This week I was in Santa Barbara, California, also known as “The American Riviera” for its lush landscape, pristine beaches, gorgeous sunsets, and spectacular view of the Pacific and the Santa Ynez mountains. I was visiting my son, Mark, daughter-in-law, Natalie, and grandson, Clay.
Natalie pulled off a surprise birthday party for Mark. It was held at a picturesque park overlooking the ocean. A perfect setting for a bit of reflection—and I found a few minutes to slip away to walk along the ocean and reflect on just how fast my son went from zero to thirty-four in sixty seconds. As I gazed at the seascape, I recalled a poignant moment in his life.
When he attended Park High School, he was co-captain of the track and cross-country teams. I remember one track meet in particular because he was favored to win the 800-meter race on this indoor track. The day was filled with anticipation and high expectations. From the starting gun, Mark quickly positioned himself near the head of the pack so he could strategically make his move at the appropriate turn during this grueling four-lap race.
I was perched on the mezzanine deck above the track at the university facility, my video camera focused on him. As he approached the third turn in the first lap, I expected him to make his first strategic move, pulling away from the pack and positioning himself directly behind the leader to take advantage of the draft. On the crowded mezzanine, the third turn had large blind spot, a supporting pillar and HVAC ductwork. When I lost sight of him, I anticipated he would emerge in second place as he cleared the obstruction, as he had done in the past.
I squinted through my viewfinder and zoomed in on the leader. I panned back for Mark. I didn’t recognize the second runner out of the turn—nor the third, fourth, or fifth. Then, the entire pack appeared. No Mark. I pulled back from my video camera. What happened? Mark finally emerged out of the turn—dead last. He was hopelessly behind the leader. Even the gap between him and the last runner in the pack was insurmountable. Not only was it impossible to win the race, it was highly unlikely he would catch the pack. My gut tightened. I sensed his embarrassment. He trained so hard for this race. I remember sliding my thumb over the “Pause” button on the camera, after all, the race was essentially over.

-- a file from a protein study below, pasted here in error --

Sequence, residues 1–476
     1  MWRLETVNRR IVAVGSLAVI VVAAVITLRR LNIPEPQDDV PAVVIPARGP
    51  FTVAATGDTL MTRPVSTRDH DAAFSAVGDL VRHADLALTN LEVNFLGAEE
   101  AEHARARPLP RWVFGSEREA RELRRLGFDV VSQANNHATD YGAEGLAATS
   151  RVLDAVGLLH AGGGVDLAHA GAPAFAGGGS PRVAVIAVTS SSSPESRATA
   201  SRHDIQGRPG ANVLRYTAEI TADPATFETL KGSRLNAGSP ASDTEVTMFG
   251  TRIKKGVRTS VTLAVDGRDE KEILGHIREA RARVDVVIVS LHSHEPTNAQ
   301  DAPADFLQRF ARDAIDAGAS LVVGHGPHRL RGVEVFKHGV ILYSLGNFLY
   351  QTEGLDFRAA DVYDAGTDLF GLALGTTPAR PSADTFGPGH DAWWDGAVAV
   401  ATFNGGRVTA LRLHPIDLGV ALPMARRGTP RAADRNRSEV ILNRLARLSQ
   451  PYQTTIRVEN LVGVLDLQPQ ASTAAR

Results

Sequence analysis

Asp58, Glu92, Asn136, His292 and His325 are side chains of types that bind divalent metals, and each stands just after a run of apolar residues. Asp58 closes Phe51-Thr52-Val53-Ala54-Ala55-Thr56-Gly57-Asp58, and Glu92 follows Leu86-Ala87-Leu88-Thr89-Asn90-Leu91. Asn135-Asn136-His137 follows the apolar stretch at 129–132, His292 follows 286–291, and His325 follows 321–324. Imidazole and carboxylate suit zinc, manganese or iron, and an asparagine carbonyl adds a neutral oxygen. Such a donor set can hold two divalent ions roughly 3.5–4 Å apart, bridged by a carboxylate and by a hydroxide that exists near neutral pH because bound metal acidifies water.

For some reason, I slowly backed my thumb off the Pause button. I let the video run. I looked through the viewfinder and zoomed in. I saw something through the lens I didn’t expect—my son’s heart. I was no longer filming his attempt to win a race—I was filming his race for dignity. I swallowed hard. I realized this race was no longer about winning—it was about character.
“To give anything less than your best is to sacrifice the gift.”
American Long-distance Runner
As the race continued, I knew two things. He will not win. He will not allow himself to finish last. I watched the drama unfold. All he had to do was pass just one competitor. He picked up the pace for the balance of the front stretch allowing him to pass a runner at the beginning of the back stretch. He ran all out on the straight-away to pass another runner just before the seventh turn.
I leaned into the camera to film his finish, wondering what he was thinking. Life is so different from dreams. A harsh lesson at seventeen. To this point, his life was marked by fortitude. He had a reputation for never giving up—it was on full display today as the film rolled.
I zoomed in again as he came out of the final turn and passed another runner. Now sprinting toward the finish line, he passed a fourth runner at the finish.
After the race, I learned that behind the blind spot, a competitor accidently tripped him while trying to pass him on the turn. Mark fell ahead of the pack so other runners ran over him with their spikes, leaving him with bloodied legs.
I saw something in my son that day—he showed up with the will to win—he left with the will to persevere. Steve Prefontaine, an American long-distance runner and Olympian once said, “To give anything less than your best is to sacrifice the gift.” On this day, Mark gave us his best. Even in an apparent defeat, he never sacrificed the gift. He taught me something about how to approach life.
Today, as I attend his surprise party on his 34th birthday, I realize just how proud I still am of this kid—who now, as a man and young father, will one day teach his son how to chase his own dreams—and to remember how crisis uncovers character.
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